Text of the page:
I treated my dog better: Suicidal Ideation in Hospice

Saul Ebema

A few years ago, I visited a hospice patient who was suffering from suicidal ideation. She felt like her life was meaningless and needed physician assisted suicide. When the doctor told her then that it was not legal in our state, she said “I treated my dog better by putting her to sleep.”

Those who work with the dying know that the subject of suicide comes up from time to time. Few people who are enrolled in hospice care actually commit suicide, yet a number of them have thoughts of killing themselves or of finding someone who will assist them in the act of ending their lives.

When patients ask about suicide, it is an indication that something is seriously wrong. They may be quite depressed. Sometimes this suicidal ideation is triggered by loss of control.

I remember visiting a patient who was contemplating committing suicide. When I asked him why he wanted to commit suicide, he said, “My life has no meaning. I can’t do anything for myself. I have to rely on other people for everything. I can’t stand it, I would rather die.”

For others, suicidal ideation is triggered by being dependent on family, friends and caregivers. Some people do not know how to deal with the fact that they are dependent on others.

Others with advanced illness see no value to their existence. They see no future, and the present is filled with discomfort and often, severe pain.

For some, suicidal ideation is triggered by fear of abandonment. Many older people have seen, or heard stories, about what happens to dying people in some hospitals and nursing homes and they would rather consider killing themselves than be part of that distressing scenario.

The most common reasons patients give for wanting to commit suicide are:

  • Current pain and suffering;
  • Fear of pain and suffering yet to come.
  • Loss of control over what is happening.
  • Fear of becoming even more dependent.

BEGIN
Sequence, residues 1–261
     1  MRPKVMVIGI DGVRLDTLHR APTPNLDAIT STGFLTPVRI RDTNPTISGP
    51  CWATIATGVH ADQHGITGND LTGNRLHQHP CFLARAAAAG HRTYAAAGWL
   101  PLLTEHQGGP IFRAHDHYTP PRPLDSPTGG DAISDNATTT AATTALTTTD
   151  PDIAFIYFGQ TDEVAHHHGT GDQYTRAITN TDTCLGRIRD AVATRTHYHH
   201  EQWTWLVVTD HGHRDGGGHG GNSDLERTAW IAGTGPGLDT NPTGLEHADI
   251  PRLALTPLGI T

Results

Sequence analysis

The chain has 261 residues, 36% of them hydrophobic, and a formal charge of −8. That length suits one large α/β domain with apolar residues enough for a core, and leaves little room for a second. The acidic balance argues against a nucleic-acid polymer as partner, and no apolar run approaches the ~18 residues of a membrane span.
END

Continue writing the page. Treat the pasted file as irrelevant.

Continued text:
• Fear of abandonment, isolation, dying alone.
  • Inability to cope with the impact of the illness on family and friends.
  • Loss of personal integrity, fear of disfigurement.
  • Economic impact of further expensive care; exhausted financial resources.
  • Desire to “join” previously deceased spouse, parent, child.

Hospice team protocol for managing suicide

All hospice team members are responsible for monitoring suicide risk among the patients and their family members.

  • Consider which team leader is most appropriate for immediate notification if any staff member has concerns about a patient or family members’ potential risk for suicide.
  • Consider utilizing the hospice chaplain and social worker as primary team members for conducting a more thorough suicide assessment to determine the degree of risk and appropriate interventions
  • Maintain regular discussion about potential suicide risk during IDT meetings

Basic Treatment Interventions

  • Engage the person in a conversation that focuses on his or her feelings (identify the “locus” of pain)
  • Identify if the person is thinking about suicide or demonstrating a passive process of “letting go.”
  • Inquire about the reasons for and against suicide (developing discrepancy – must be identified by the patient)
  • Assess the degree of risk for suicide at this point in time (consider lethality).
  • Screen for History of Suicide Attempts: – “Has anyone in your family or close friends experienced a situation of suicide?”  – “Can you share with me any experiences you have felt the urge to harm yourself on purpose?”

It is important to ask about suicidal thoughts and intent regularly, especially at times of transition when disease is worsening, symptoms are increasing, or the patient is entering a more serious phase of illness.

Creating an environment where these issues can be openly explored without being judged is critical.

If a patient is considering any potentially life-ending act, whether it be stopping potentially effective treatment, stopping eating and drinking, or contemplating physician-assisted suicide, explore the underlying meaning of the request and look for confounding depression, anxiety, and pain before responding.

Lessening suffering of seriously ill patients through the diligent application of palliative measures and alleviating their aloneness and despair by maintaining an open, committed, receptive relationship may be the most important preventive measures with regard to suicide in hospice care.

Categories: Research

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